Eva Katherine Stuebinger would have been celebrating a very special birthday if she was still alive today. She was born 150 years ago…October 22, 1870. I found a little evidence that she was called “Rena” during her lifetime, so I will use that name in this post. She was the daughter of Johann Heinrich and Anna Barbara (Kisberdt) Stuebinger. Rena was likely baptized at Peace Lutheran Church in Friedenberg, but we do not have records to display from that congregation.
Rena was born fairly late during a year when a census was taken, so we do not find her in the 1870 census. However, we find some interesting entries in it. Here are two images taken from consecutive pages in that census.
It seems that there may have been 4 Stuebinger brothers living in Perry County at this time, and at least 3 of them had Johann as their first name. The other one was Andreas, and I suppose it’s also possible that he may have had a first name of Johann. To add to the potential confusion, two of the brothers married women named Barbara. The Stuebinger family in which Rena was born is the one in the bottom image where the father is called Henry. According to our German Family Tree, Rena was child #6 in her family.
Rena is found in her first census in 1880 when she was 10 years old. Her father had died in 1872 when she was just two years old, so her mother, Barbara Stuebinger, was the head of this household.
Rena would get married before the next census that we can view which was taken in 1900, so let’s take a look at the early years of her husband. His name was John LIntner. John was born on January 18, 1870, the son of John and Anna (Bergmann) Lintner. John was also likely baptized at Peace Lutheran Church in Friedenberg. Unlike Rena, however, John can be found in the 1870 census because he was born so early that year. This Lintner family was found on the page before all those Stuebinger’s in that census.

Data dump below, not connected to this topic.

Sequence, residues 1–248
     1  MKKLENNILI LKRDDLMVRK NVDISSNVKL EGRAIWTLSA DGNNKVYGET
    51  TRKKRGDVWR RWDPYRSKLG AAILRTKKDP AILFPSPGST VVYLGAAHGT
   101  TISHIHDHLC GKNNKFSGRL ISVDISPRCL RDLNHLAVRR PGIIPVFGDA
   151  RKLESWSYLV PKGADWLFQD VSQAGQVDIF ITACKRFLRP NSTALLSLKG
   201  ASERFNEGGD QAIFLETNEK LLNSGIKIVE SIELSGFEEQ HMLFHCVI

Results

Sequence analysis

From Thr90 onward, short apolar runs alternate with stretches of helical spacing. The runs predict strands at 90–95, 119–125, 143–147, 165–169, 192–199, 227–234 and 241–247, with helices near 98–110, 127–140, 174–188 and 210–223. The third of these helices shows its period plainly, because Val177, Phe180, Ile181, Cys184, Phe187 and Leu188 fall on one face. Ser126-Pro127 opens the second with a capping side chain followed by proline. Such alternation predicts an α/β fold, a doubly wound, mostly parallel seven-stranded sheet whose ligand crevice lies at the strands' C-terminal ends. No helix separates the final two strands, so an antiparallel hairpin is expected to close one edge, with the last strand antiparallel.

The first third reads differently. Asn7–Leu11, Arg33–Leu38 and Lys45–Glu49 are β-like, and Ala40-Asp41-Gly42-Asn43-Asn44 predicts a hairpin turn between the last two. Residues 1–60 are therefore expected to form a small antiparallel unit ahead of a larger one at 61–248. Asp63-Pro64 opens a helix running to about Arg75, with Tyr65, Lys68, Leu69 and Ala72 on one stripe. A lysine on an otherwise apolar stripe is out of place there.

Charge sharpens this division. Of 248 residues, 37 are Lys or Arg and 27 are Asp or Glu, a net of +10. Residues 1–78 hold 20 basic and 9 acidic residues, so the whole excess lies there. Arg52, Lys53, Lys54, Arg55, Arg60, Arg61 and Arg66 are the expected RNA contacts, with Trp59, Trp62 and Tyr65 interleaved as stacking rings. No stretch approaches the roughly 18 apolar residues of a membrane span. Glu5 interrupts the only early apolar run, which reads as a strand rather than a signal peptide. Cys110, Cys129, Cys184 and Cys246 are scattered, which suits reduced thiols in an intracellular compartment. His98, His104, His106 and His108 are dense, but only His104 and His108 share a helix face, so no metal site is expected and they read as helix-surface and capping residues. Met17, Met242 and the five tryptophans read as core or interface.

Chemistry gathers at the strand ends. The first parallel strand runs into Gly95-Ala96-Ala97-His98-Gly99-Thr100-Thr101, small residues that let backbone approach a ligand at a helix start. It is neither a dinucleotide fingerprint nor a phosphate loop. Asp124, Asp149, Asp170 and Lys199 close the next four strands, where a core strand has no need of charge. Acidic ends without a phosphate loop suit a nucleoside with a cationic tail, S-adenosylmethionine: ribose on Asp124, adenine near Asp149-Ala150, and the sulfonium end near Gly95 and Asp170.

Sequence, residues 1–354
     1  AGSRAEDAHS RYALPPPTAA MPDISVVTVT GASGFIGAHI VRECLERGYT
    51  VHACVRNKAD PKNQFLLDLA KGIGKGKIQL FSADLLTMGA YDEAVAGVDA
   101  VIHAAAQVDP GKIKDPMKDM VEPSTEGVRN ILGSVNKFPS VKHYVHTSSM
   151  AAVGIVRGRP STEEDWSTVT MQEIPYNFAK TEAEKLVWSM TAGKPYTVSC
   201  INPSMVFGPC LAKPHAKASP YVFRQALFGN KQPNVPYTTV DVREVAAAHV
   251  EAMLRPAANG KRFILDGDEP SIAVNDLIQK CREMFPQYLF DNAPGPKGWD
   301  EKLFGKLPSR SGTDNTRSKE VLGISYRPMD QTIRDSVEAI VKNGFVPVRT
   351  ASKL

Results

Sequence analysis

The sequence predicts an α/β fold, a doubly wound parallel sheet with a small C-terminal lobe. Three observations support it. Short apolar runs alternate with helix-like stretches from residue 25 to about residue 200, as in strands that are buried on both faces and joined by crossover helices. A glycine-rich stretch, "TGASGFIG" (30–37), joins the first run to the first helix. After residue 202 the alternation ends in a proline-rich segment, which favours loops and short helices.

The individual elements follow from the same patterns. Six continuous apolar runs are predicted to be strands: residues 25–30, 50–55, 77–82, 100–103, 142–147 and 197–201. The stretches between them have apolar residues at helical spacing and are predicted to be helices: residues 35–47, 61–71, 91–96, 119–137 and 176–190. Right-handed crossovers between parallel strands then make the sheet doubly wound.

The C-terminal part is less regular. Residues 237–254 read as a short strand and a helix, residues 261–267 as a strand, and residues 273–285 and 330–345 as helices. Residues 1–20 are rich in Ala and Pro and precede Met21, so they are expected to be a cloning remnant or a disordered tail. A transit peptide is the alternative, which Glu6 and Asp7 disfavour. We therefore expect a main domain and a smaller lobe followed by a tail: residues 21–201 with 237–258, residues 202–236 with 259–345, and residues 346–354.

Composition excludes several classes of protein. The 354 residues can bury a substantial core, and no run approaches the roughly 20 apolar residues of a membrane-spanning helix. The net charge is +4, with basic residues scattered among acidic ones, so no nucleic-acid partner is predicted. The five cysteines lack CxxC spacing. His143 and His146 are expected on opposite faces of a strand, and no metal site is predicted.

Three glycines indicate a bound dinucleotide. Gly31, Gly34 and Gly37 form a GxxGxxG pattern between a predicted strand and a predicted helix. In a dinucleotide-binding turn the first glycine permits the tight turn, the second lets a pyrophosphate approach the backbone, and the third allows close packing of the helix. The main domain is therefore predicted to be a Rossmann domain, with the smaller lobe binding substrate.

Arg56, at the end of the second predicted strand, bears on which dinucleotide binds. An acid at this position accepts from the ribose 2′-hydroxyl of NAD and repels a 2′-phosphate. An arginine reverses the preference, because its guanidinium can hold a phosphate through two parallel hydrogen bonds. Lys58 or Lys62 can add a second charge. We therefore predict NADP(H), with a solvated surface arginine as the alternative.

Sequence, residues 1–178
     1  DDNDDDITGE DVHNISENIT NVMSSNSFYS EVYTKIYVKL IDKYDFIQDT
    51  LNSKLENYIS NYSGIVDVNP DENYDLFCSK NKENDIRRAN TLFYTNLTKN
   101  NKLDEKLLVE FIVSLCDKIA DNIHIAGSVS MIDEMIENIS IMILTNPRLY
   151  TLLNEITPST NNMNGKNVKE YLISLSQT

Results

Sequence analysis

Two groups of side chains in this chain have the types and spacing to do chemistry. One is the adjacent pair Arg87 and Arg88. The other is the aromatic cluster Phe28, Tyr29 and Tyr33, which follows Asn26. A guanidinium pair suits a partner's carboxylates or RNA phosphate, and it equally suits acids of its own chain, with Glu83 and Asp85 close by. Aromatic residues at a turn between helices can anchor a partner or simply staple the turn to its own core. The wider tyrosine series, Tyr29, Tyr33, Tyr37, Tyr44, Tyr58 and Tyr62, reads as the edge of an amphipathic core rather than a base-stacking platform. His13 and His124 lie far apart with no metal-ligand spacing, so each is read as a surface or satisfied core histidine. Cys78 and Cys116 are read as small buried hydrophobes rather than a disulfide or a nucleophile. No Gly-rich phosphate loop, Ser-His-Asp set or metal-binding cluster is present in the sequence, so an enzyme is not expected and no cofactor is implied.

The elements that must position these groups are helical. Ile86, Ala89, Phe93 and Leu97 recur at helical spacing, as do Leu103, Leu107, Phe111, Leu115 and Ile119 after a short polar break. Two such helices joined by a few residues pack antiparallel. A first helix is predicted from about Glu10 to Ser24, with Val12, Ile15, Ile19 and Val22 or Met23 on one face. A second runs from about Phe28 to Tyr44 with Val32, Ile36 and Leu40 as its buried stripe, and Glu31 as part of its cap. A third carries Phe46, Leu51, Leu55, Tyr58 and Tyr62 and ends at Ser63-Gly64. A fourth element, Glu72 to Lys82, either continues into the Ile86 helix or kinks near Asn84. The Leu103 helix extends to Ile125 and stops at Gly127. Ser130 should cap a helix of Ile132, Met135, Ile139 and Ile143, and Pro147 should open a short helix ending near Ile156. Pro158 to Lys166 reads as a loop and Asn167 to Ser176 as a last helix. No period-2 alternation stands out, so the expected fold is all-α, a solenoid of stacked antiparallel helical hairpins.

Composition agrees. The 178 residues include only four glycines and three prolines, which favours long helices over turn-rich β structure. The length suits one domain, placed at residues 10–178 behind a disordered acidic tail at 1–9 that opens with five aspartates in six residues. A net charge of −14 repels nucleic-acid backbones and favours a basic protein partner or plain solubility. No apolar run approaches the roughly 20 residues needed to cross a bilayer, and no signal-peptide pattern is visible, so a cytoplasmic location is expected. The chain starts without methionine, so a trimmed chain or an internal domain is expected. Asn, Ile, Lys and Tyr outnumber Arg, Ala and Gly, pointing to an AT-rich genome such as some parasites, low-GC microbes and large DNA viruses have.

We find John Lintner next in the 1880 census for the Central Township in Perry County.
On November 27, 1894, John Lintner married Rena Stuebinger. We can view the marriage license for this couple.
The above form says the marriage was performed by Rev. Stumpf. He was the pastor of the Cross Congregation outside of Longtown. The binder we have in our research library from that congregation contains the following record of the Lintner/Stuebinger wedding (even though John’s surname is spelled Lindner).
According to our German Family Tree, there were 5 children born to this couple. The Cross Congregation did not last long, so these Lintner children were likely baptized at Peace, Friedenberg. The last two did not live to adulthood. We find the Lintner household in the Central Township in the 1900 census with their first two children.
Next, we find the Lintner household in the 1910 census. They were living in the Salem Township, and you can find a Stuebinger family above and below their household in this entry. The 3 children that lived to adulthood, Edna, Oscar, and Edwin, are all included here.
In the plat maps produced in 1915, we find a parcel of land not far from Perryville with the name, J.H. Lintner (spelled Lindner).
We find the Lintner family in the 1920 census back in the Central Township. John was a farmer all his life. Their third child can be found on the next page of this census which I chose not to display.
Next, we find John and Rena in the 1930 census. These two had an empty nest by that time.
The last census in which we can find this couple was the one taken in 1940 where each of them was 70 years old.
Rena died on the first day of 1947 at the age of 76. We can take a look at her death certificate.
John Lintner died in 1957 at the age of 87. Here is his death certificate.
John and Rena are buried together in the Peace Lutheran Cemetery of Friedenberg, not far from Perryville.
I suppose I could be wrong, but I think this post tells about some ancestors of the President of the Perry County Historical Society, Dana Lintner Farrow. From one president of a historical society to another, I surely hope that I didn’t make any mistakes.
Here are a few photos of the ongoing construction at our museum. I think the workers are trying to get some shingles on part of the roof before some upcoming rain.